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Migrations were accomplished in successive steps made over several centuries. The first wave of immigrants in the Pacific islands took place during the last ice-age period (110,000 – 8,000 BC).
It is believed that Australia, Tasmania and New Guinea would have received the first Papuan-language migrations from southeast Asia around 53,000 to 35,000 BC. Then around 4,000 BC, autroneasian-language people from Taiwan region got mixed with the previous ones. This mix evolved to what is known as the “lapita” culture. This lapita culture is characterized by a particular type of finely decorated ceramics.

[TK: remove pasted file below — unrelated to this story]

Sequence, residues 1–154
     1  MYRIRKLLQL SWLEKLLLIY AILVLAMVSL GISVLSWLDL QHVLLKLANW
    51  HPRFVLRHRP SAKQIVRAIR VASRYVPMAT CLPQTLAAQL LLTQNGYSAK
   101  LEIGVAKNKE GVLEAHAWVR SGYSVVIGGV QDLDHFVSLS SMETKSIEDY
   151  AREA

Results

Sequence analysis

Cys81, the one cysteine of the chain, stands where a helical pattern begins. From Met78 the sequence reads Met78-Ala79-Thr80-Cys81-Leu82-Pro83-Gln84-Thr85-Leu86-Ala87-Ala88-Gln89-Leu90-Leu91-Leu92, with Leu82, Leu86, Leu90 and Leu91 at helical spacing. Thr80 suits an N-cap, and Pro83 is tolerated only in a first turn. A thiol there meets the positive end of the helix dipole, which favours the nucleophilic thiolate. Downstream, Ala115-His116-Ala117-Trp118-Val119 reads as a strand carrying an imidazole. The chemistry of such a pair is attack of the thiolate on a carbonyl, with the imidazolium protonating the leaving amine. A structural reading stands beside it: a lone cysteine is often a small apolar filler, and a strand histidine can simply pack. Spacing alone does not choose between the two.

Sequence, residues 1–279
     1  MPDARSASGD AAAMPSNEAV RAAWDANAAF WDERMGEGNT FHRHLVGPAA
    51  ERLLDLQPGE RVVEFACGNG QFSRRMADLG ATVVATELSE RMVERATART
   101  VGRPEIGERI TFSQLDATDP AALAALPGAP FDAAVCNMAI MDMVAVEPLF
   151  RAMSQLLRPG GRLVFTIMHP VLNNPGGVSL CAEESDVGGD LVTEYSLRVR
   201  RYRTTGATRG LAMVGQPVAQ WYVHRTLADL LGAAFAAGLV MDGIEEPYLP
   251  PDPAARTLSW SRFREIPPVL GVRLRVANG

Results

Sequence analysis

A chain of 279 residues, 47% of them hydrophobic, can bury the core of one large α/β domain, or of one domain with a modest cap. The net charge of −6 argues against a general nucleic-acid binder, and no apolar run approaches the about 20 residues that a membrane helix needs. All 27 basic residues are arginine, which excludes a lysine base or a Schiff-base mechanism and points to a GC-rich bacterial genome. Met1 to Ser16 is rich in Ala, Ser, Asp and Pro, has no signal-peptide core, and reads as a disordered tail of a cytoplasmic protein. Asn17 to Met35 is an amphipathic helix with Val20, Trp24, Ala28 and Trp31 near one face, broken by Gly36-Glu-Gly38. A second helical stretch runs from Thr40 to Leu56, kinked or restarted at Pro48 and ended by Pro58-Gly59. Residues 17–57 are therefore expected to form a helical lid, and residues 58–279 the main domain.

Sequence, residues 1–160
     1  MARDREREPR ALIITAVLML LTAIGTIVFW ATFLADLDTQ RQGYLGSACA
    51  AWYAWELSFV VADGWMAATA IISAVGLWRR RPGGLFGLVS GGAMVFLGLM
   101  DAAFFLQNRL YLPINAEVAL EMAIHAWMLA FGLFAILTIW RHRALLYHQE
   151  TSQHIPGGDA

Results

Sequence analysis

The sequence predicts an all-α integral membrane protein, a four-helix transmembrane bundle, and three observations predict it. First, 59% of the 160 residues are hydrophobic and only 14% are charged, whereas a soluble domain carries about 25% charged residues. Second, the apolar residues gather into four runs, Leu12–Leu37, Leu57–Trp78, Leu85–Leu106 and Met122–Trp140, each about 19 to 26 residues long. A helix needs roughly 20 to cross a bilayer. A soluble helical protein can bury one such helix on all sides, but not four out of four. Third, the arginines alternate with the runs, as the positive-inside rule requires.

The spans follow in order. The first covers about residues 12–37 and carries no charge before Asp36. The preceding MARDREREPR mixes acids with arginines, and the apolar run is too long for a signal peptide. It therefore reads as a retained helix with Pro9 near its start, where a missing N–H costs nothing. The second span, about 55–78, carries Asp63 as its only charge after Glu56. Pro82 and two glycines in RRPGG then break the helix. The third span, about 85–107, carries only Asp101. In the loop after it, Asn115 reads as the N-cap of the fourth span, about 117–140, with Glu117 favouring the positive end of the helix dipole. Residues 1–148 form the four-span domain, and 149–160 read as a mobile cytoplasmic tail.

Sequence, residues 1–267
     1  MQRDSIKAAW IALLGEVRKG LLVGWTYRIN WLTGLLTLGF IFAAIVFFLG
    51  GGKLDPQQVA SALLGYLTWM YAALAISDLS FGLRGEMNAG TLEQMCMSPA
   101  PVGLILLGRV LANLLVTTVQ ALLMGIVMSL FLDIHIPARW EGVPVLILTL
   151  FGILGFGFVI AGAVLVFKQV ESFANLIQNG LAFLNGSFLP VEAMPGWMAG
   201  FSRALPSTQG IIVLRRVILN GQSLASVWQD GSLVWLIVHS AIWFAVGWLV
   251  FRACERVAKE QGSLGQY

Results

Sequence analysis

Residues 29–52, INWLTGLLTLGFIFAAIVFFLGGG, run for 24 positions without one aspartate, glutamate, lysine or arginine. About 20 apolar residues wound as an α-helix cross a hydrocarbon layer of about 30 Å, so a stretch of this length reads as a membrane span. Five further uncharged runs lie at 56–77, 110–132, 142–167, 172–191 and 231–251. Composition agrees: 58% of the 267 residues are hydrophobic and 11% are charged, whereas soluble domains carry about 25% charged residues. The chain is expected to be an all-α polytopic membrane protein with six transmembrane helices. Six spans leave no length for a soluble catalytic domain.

From 1600-1500 BC, this people started to spread in Micronesia (Marianne, Marshall archipelagos …) then in Melanesia (Papua – New Guinea, Salomon islands) until it reached occidental Polynesia (Fiji, Tonga, Samoa) around 1,000 BC. One more century will be necessary to reach the rest of Polynesia. Scientists believe today that all central archipelagos (Cook, Marquesas, Society) were populated at the same time. Though it is in the Marquesas islands that were discovered the oldest vestiges of this civilization dated 150 BC by R.C. SUGGS. Marquesas islands are still considered today as the starting point for eastern Polynesia settlements.
From these archipelagos, a new migration wave started, settling the Hawaiian islands (USA) around 300-400 AD, Easter Island (Chile) from 400-500 AD, and finally New Zealand from 700-800 AD.
The Austral archipelago was colonized around year 950 AD while Tuamotu and Gambier migrations are dated around the 12th century (tests made with Carbon 14).